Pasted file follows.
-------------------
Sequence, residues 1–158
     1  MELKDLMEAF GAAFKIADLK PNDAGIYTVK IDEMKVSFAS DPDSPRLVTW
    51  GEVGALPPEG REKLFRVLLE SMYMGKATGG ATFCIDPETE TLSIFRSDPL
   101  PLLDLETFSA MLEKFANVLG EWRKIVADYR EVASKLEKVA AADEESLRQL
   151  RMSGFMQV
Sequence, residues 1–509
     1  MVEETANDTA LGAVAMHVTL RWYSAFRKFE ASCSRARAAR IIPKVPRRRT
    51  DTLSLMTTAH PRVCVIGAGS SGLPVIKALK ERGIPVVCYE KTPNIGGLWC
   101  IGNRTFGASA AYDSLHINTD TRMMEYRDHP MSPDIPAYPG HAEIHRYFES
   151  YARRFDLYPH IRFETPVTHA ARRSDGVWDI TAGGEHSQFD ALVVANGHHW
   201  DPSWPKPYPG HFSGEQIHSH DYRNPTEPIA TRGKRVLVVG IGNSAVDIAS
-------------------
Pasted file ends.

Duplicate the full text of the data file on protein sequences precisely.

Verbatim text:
Sequence, residues 1–158
     1  MELKDLMEAF GAAFKIADLK PNDAGIYTVK IDEMKVSFAS DPDSPRLVTW
    51  GEVGALPPEG REKLFRVLLE SMYMGKATGG ATFCIDPETE TLSIFRSDPL
   101  PLLDLETFSA MLEKFANVLG EWRKIVADYR EVASKLEKVA AADEESLRQL
   151  RMSGFMQV
Sequence, residues 1–509
     1  MVEETANDTA LGAVAMHVTL RWYSAFRKFE ASCSRARAAR IIPKVPRRRT
    51  DTLSLMTTAH PRVCVIGAGS SGLPVIKALK ERGIPVVCYE KTPNIGGLWC
   101  IGNRTFGASA AYDSLHINTD TRMMEYRDHP MSPDIPAYPG HAEIHRYFES
   151  YARRFDLYPH IRFETPVTHA ARRSDGVWDI TAGGEHSQFD ALVVANGHHW
   201  DPSWPKPYPG HFSGEQIHSH DYRNPTEPIA TRGKRVLVVG IGNSAVDIAS